Toronto alt-country garage rockers the Sadies began sessions for Night & Day with legendary punk-blues wildman Andre Williams in 2008. At that time, Williams was in his seventies and dealing with a plethora of legal troubles as well as pretty heavy substance abuse issues. Eventually the sessions were put on hold while he worked through his legal problems and cleaned up. A few years later, the two factions reconvened to finish work on the album, and the difference in Williams' demeanor and state of being was, as they say, "night and day." This album continues the team-up that began with 1999's collaborative Red Dirt album, and casts Williams' dead center as a greasy narrator or unfiltered barker, humbly backed by the Sadies' respectable but comparatively squeaky clean, garagey (occasionally fiddle-driven) country-blues. Though Williams' sing/speaks about putting drugs in his past at points on the album, it's still difficult to discern the clean and sober sessions from those tracked by a still-using Williams. Moving between a happy-go-lucky rock & roll persona ("I'll Do Most Anything for Your Love), the standard My-woman-done-left-me blues-informed tales ("Me & My Dog," "Your Old Lady"), and gravely-voiced hard-living stories, Williams shakes, mutters, and howls like the rock & roll veteran he is. His performances are always unhinged, sometimes bordering on brilliant incoherence, standing in a noticeable contrast to the Sadies' controlled backing tracks. His most lucid moments come in his commentary on race and society, which several stand-out numbers on the album are dedicated to. Taking on a tone so commanding it's geared toward intimidation, Williams addresses racism and racial tension frankly on "Mississippi & Joliet" and "Bored," the latter of which starts with the powerful opening lyric "Look here, the worst thing in the world is a black man being bored and broke." "America (You Say a Change Is Gonna Come)" finds him lamenting problems in the free world in a weary grumble over pristine female backing vocals. Most tunes are relatively short, lending a somewhat cobbled-together feel to the album. Night & Day wavers between themes of fun and pain, consciousness and abandon, sobriety and confusion. Though it never feels disjointed, it never feels fully realized, either. In the end, it's hard to tell exactly what the album is aiming for, but taken as another rowdy set of tunes from a living legend, Night & Day delivers from both sides of whichever dichotomy it's grappling with at any given moment.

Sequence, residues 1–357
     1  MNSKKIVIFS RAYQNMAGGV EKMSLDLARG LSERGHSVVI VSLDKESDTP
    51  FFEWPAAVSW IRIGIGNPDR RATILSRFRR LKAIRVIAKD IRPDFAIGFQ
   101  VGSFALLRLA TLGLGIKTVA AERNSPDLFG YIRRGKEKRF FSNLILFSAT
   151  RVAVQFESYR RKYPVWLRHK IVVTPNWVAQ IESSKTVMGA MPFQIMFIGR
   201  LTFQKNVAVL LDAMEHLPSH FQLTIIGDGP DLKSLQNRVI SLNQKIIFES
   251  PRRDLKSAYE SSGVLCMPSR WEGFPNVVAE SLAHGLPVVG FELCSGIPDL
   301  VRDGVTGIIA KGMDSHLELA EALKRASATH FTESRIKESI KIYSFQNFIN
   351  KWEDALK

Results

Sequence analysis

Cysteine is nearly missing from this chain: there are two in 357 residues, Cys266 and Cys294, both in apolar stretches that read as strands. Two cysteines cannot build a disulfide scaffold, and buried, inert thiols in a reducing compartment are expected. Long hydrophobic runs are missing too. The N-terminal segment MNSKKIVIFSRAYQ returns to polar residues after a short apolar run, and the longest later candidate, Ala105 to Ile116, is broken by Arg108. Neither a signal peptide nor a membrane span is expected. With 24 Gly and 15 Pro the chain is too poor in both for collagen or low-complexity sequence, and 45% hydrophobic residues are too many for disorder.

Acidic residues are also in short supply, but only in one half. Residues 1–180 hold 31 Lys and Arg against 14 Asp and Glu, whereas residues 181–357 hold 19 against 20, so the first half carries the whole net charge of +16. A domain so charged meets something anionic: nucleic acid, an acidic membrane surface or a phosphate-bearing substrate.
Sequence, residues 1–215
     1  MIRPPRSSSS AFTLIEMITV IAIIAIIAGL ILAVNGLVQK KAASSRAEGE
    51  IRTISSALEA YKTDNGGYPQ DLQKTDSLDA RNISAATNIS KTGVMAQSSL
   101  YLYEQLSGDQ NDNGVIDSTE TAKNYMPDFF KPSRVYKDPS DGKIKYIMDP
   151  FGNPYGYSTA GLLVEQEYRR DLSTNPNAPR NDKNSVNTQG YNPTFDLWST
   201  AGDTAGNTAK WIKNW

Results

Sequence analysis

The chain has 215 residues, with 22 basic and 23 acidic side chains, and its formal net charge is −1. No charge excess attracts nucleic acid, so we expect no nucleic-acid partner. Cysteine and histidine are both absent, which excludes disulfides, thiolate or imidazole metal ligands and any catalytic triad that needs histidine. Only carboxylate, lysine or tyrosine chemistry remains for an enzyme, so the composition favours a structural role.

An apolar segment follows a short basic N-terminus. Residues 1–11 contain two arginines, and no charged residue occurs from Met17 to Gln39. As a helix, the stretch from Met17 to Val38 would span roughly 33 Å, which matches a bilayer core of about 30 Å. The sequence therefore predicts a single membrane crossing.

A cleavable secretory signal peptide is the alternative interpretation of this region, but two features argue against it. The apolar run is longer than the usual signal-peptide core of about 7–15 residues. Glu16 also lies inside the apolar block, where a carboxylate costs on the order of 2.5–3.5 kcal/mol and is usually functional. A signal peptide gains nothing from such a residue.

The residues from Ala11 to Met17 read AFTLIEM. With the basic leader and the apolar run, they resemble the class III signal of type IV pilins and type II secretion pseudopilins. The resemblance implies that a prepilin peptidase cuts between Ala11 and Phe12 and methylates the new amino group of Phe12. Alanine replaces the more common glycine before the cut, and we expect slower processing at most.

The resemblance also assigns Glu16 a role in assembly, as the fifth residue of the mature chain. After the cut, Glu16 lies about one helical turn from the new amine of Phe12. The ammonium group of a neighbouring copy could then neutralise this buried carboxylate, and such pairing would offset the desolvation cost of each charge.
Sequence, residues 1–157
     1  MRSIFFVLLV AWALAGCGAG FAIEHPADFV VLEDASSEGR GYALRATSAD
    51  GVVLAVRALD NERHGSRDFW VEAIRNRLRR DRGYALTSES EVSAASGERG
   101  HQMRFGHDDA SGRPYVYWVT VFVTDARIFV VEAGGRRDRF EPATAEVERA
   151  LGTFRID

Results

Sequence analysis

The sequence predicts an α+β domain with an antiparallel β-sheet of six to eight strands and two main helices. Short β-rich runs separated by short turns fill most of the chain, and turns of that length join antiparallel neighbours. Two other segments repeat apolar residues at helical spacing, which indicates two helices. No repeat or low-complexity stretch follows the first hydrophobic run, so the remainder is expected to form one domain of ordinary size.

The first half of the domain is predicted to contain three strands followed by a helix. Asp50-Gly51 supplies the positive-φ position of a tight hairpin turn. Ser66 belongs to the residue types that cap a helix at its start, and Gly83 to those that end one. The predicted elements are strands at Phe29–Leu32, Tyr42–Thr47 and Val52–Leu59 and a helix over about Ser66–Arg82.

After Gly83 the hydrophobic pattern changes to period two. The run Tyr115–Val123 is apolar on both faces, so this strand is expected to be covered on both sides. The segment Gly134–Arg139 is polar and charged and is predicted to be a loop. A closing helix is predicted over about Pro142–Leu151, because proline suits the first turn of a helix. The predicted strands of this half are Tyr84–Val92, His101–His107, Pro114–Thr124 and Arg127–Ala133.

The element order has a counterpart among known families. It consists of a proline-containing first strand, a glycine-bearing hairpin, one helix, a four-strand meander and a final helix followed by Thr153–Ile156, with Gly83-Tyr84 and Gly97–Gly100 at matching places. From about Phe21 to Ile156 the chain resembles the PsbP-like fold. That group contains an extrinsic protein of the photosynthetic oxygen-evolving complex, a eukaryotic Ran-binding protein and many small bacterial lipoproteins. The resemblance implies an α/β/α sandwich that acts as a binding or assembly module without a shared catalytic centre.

Share this page
AllMusic Review by Fred Thomas